When Ben Chiadika, Shola Osofisan and I came together and started our company, Unbroken Partnership, we agreed that we’ll tell stories as film makers but we want to tell stories that will make a change, that will impact people’s lives. “We didn’t have in mind to make a movie about mental health. Infact nobody thinks about that. When Ben brought up the idea, by the time Shola sat down and started writing, it hit us that look, this is something we have to talk about. Because it’s something that we’ve grown so used to hiding in our culture, it becomes a bigger issue than it needs to be.

One would have thought that the best way to handle this sort of issue is through direct awareness campaign,  why film?

In deciding to do this movie we knew we had to treat the story in a way that it appeals enough to people that they want to come and watch it. Nobody wants to watch a movie and be sad. Nobody wants to come with problems and leave the same way. We’ve made it that people will learn something. We’re partnering with people that deal with this issue. Olaama Care Foundation is an NGO based here in Lagos and the CEO was here at the press conference. They are one of our sponsors, also there’s a psychiatric facility in Ikorodu Lagos know as The Retreat which is a private owned psychiatric facility in Nigeria.  They’re also one of our sponsors.  Yes, what we’ve done is that we’ve reached out to people who know more about the issue than we do because we are film makers. We are also reaching out to people who are dealing with it this is where Chioma Nwosu the CEO of Olaama Care Foundation comes in. So together with our media partner, DAAR Communications we are making sure that the story goes round and even beyond the shores of the country.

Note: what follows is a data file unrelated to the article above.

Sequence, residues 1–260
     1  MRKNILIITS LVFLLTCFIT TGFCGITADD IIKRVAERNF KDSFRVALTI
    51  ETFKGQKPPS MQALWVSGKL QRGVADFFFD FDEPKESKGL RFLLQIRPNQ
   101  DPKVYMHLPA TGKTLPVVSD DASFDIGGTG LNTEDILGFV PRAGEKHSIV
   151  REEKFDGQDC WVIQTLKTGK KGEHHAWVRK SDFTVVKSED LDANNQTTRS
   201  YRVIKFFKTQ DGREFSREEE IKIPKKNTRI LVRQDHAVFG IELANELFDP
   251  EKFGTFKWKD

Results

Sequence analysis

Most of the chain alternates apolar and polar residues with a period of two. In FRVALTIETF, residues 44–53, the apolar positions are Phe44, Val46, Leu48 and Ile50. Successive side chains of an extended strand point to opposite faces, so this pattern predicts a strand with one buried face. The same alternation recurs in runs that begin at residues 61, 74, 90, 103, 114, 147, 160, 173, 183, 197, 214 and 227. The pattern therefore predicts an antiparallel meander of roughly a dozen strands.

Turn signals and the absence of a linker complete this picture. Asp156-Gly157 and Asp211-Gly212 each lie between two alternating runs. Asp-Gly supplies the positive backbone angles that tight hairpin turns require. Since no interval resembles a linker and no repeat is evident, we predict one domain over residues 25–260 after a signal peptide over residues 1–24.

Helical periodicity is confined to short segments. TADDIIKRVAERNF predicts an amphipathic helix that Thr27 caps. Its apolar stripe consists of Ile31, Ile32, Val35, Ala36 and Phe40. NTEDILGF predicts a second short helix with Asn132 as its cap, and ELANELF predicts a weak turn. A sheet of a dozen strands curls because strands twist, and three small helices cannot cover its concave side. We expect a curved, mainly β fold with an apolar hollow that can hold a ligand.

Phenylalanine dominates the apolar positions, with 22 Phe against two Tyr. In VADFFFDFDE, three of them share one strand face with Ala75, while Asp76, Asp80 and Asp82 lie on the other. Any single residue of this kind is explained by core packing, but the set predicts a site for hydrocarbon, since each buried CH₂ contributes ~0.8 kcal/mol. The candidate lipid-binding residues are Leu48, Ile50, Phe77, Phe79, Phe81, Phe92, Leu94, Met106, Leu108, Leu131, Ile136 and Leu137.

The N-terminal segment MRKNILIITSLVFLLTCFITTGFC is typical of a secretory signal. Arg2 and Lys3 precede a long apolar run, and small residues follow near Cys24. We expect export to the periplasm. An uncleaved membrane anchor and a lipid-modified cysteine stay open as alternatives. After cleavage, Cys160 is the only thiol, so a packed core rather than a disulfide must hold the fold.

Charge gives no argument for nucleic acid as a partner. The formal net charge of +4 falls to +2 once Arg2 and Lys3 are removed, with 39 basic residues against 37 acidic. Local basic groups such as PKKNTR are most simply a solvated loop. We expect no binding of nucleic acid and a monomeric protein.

How do you ensure that issues relating to mental health is exhausted since the story isn’t based on experience?